I have not seen this "explanation" elsewhere, but it is the only one I have seen that provides a reason for a tension parallel to the surface.
If an inward force exists, it only does so during the minute time that the system needs to reach equilibrium. After that, there are no outward or inward forces, or there would be a flow.
Best regards, Derek Locke _________—Preceding unsigned comment added by 82.33.28.179 (talkcontribs) 02:23, February 13, 2004
• Hi Derek
Very interesting comments above. I like your "beam" analogy. I will have to think about this. I guess my difficulty is that I imagine water molecules to be like little gas molecules, unable to interact except during collisions.
My image cannot be right if your beam analogy holds up (!).
In the beam, one can only understand the situation by assuming local isotropy and local homogeneity (on a molecular scale). Neither of these assumptions are true in the surface layer of water. This might or might not be important, but it seems to me that we should be clear about whether or not we assume them.
Maybe the molecules in the rarefied regions are moving about faster; would this make sense?
best wishes
Robin
Robinh 22:02, 12 Feb 2004 (UTC)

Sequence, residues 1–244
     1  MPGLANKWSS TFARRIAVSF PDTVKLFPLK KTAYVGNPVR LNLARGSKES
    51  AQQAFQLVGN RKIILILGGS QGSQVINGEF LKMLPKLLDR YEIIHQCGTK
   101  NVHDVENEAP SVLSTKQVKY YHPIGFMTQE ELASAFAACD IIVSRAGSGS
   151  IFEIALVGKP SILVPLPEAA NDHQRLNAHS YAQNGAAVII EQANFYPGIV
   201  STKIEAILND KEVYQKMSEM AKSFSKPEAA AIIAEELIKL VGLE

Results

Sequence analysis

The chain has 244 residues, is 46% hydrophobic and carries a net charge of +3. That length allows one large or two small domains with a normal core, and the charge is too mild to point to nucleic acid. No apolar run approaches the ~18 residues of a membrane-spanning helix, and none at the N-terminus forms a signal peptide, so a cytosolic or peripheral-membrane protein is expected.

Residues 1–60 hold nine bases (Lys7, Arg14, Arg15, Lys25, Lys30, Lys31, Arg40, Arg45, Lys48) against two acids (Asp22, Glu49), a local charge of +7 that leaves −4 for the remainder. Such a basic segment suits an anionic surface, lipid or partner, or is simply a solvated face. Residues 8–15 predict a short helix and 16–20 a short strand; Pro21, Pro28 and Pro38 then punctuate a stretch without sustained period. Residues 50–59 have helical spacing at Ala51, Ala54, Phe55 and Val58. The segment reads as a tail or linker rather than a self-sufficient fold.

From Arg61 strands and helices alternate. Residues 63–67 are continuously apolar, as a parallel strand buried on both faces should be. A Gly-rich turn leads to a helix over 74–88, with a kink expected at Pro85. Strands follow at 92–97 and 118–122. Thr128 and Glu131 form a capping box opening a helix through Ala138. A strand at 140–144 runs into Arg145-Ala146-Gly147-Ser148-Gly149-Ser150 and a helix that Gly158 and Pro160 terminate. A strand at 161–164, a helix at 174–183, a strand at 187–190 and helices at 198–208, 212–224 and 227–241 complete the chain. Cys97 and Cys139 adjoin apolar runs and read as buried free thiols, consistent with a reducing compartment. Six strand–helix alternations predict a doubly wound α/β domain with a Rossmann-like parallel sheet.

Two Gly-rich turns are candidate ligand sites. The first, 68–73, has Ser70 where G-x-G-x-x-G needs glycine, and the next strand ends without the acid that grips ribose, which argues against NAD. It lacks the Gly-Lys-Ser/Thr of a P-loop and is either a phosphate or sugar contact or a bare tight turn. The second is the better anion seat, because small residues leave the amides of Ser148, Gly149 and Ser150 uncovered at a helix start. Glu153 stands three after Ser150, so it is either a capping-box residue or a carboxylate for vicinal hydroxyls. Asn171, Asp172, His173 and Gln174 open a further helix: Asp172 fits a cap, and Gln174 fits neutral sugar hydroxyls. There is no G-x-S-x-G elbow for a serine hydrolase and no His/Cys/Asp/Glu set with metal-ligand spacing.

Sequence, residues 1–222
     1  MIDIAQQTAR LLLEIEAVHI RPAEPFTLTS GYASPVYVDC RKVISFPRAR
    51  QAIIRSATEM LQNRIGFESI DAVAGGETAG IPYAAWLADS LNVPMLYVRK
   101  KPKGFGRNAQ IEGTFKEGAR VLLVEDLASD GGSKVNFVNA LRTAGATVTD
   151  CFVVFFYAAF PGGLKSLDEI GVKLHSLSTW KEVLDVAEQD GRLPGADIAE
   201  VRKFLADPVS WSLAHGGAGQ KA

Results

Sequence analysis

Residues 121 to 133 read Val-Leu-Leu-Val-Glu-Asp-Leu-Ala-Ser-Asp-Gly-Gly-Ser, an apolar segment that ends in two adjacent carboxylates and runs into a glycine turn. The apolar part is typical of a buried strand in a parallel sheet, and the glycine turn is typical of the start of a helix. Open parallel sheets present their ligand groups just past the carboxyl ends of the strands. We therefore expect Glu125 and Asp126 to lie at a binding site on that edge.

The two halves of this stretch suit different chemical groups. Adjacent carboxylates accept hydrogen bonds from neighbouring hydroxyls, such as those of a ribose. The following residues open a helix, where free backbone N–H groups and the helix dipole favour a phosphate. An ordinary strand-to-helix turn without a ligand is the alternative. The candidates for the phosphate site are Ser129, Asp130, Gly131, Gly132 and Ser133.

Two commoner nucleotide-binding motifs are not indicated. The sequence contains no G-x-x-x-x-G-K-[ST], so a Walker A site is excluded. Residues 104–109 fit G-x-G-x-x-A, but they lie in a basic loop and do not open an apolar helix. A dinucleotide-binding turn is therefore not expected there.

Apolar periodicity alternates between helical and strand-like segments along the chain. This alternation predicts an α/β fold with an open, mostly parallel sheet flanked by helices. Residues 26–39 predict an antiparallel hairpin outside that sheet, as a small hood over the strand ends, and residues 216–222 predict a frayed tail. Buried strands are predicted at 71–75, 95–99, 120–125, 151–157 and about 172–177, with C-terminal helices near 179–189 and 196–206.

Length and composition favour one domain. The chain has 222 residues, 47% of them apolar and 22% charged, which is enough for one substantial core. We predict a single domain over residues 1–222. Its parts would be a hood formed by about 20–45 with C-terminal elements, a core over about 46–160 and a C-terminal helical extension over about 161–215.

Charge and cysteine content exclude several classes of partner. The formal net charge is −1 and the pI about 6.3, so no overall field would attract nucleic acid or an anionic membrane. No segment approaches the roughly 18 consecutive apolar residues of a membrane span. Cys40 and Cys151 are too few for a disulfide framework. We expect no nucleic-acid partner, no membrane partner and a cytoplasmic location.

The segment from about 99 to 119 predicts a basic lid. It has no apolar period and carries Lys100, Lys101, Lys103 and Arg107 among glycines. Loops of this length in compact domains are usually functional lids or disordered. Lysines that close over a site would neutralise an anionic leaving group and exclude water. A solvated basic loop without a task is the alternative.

• Hello Robin,
I believe that in a liquid, each molecule is always interacting with its nearest neighbours. The mean speed of the molecules depends only on the temperature and not on the local density, though it is possible that "temperature" has little meaning if we consider a region that is too small. This is the case because temperature is a property of bulk matter, or at least of samples big enough that the mean energy is constant at the accuracy with which we can measure.Regards Derek ____________—Preceding unsigned comment added by 164.11.204.245 (talkcontribs) 18:01, February 17, 2004

Question from another newbie, (with only the smallest education in physics):How does one break the surface tension of water without resorting to the use of surfactants? My problem is to remove the water from a polymer surface at no more than 135 degrees Fahrenheit, using forced air, vacuum, or any other economical method. This is to be accomplished on a complex surface on the inside of a cube(excluding the bottom face, which will be attached at a later time).—Preceding unsigned comment added by 66.248.123.78 (talkcontribs) 10:28, March 25, 2004

If you wish to merely remove the water, you can easily convert it to a gas state by reducing pressure (vacuum will do it) - or you can use it's adhesive properties (capilliary action) to get rid of it - by using a tissue or something like that! (20040302)

robin and derek,

I feel that the molecules on the surface have a velocity only in the direction parallel to the surface. They dont move into the surface.they resist moving down. So it appears that there is tension on the surface. The net downward force is balanced by the liquid's resistance to compression. This resistance to compression is like the normal contact force, there is no fixed value. If we place a small object (small enough such that it doesnt displace any liquid)it will exert more force due to which surface expands (depression) the molecules on the surface still stay on the surface keeping the object on the surface. —Preceding unsigned comment added by 202.153.37.148 (talkcontribs) 11:14, February 18, 2005